Center for Biological Diversity


Double your gift

Take action now

Bookmark and Share


The Center for Biological Diversity won important Endangered Species Act decisions for wildlife last year, including new protections for 55 animals and plants and proposals to protect almost 30 million acres of wildlife habitat from coast to coast. (Don't miss this short video about what you helped us accomplish in 2013.) We're happy about our victories, but there's so much more work to be done. This special edition of Endangered Earth Online looks at our top priorities for 2014.

Protect More Species and the Places They Live

Canada lynxIn 2014 we'll continue to see dozens of new species and habitat protections under the Endangered Species Act based on our historic 757 agreement. We'll see high-profile listing decisions for at least 39 species over the course of the year, including the American wolverine and Pacific fisher, two beleaguered and charismatic predators; the yellow-billed cuckoo; the Rio Grande cutthroat trout; a beautiful bird called the red knot; and the White River beardtongue, a plant severely threatened by plans to extract dirty tar sands in the Rocky Mountains.

Because preserving habitat is crucial to protecting and recovering endangered species, the Center has always placed enormous emphasis on habitat protection. And in 2014 we'll fight to lock in final decisions to protect millions of acres of critical habitat for the jaguar, Canada lynx, yellow-legged frog, Yosemite toad and Gunnison sage grouse.

Learn more about our historic victory for 757 species.

Take on the Climate Crisis

Polar bearThe Center remains on the front line of the fight against global warming, doing some of the country's most ambitious and innovative policy advocacy and outreach. Our Clean Air Cities initiative has organized nearly 80 cities calling on President Obama to take dramatic action on climate change and cut greenhouse gas pollution with the Clean Air Act. We also just exposed the toll that sea-level rise will take on endangered species -- a story recently featured in USA TODAY and Grist.

This year we'll wage cutting-edge legal and policy campaigns to cut CO2 emissions, address rising seas, expand our Clean Air Cities campaign and fight fracking and other dirty fuels that pollute our planet and worsen the climate crisis.

The climate crisis is the battle of the century, and we've never been known to run from a fight. Learn more about our work to curb climate change.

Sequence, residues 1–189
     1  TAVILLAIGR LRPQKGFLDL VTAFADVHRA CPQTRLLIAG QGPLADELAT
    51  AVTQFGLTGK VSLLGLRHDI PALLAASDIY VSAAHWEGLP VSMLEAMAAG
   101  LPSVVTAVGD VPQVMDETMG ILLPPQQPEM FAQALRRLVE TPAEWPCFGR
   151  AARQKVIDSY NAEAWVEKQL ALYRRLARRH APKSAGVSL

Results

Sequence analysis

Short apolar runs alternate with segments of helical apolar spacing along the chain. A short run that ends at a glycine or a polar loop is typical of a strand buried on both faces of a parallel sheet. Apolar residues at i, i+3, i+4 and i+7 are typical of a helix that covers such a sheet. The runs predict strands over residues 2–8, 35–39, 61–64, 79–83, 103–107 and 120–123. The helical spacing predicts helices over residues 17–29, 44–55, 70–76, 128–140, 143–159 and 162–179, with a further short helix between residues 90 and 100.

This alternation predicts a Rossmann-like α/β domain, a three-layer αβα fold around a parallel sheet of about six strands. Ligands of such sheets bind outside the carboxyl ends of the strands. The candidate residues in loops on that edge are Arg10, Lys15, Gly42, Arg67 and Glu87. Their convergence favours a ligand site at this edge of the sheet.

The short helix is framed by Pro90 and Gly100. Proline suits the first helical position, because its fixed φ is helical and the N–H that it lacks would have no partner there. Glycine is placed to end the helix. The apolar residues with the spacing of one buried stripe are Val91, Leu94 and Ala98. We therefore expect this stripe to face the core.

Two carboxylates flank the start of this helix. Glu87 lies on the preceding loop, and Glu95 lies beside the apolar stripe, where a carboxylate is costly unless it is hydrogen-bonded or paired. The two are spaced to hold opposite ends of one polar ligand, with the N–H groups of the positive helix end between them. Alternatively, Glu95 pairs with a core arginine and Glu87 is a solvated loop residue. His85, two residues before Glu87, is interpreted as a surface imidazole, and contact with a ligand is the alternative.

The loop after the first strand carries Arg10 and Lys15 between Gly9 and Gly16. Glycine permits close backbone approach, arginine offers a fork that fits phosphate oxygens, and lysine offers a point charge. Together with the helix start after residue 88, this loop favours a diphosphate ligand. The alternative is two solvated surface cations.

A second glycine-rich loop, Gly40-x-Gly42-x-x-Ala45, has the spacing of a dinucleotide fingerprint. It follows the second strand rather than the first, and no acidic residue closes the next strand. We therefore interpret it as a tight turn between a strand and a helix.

Save America's Wolves

Mexican gray wolfThe return of wolves to the lower 48 states remains one of our country's most prized recovery stories. But with wolves in less than 5 percent of their historic habitat, the tale remains unfinished. Scientists have identified hundreds of square miles of unoccupied territory for these keystone predators, including the southern Rockies, Pacific Northwest, Sierra Nevada and Northeast.

The Center is the only wildlife group active in protecting all endangered wolves across the country. Wolf recovery will remain a key priority in 2014: We'll fight efforts to strip protections in most of the lower 48 states; work to give wolves homes in Oregon, Washington and California; secure new protections for Alaska's beautiful Alexander Archipelago wolves, threatened by logging in the Tongass forest; and push for larger-scale recovery of Mexican wolves in the Southwest.

Learn more about how we're restoring the gray wolf.

Fight Dirty Energy

Whooping craneThe oil and gas industry is angling to extract and transport every last bit of polluting, climate-killing fossil fuel out of the ground, whether it's in polar bear habitat in the Arctic, endangered whale habitat offshore, whooping crane territory in the Midwest, or across our public lands that birds, foxes, bears and other wildlife call home.

We're stepping up our fight against dirty energy in 2014, taking off the gloves against the Keystone XL pipeline, tar sands development in the Rockies, fracking on public lands and off the California coast, and oil drilling in the Arctic. Big Oil has deep pockets and plenty of friends in Congress, so this will be an epic struggle as long as it lasts. But if wildlife and the rest of us are to have a bright future, it's a struggle we have to win.

Read more about our work to stop Keystone XL, fracking and Arctic drilling.

Defend the Oceans and Sea Life

Coral reefNever before have the threats to our oceans and their precious and mysterious wildlife been greater. Climate change is warming the water and raising sea levels, carbon is making the oceans more acidic, and overfishing and pollution are adding insult to injury by pushing numerous species to the brink of extinction.

In 2014, building on some remarkable successes in 2013 -- including a first-ever federal investigation of a plastic-polluted island as a potential Superfund site and another major study of possible water-quality standards for ocean acidification -- we'll confront the biggest threats to our oceans to prevent the destruction of marine biodiversity, from the biggest whale to the smallest sea butterfly. We expect to secure final protection in 2014 for no fewer than 66 species of coral.

Learn more about our work to save oceans.

Protect Apex Predators

Grizzly bearApex predators like bears, wolves and big cats are critical to the function of wild ecosystems. Without them intricate natural relationships established over thousands -- and sometimes hundreds of thousands -- of years are thrown into disarray and ultimately fall apart. Species extinctions follow.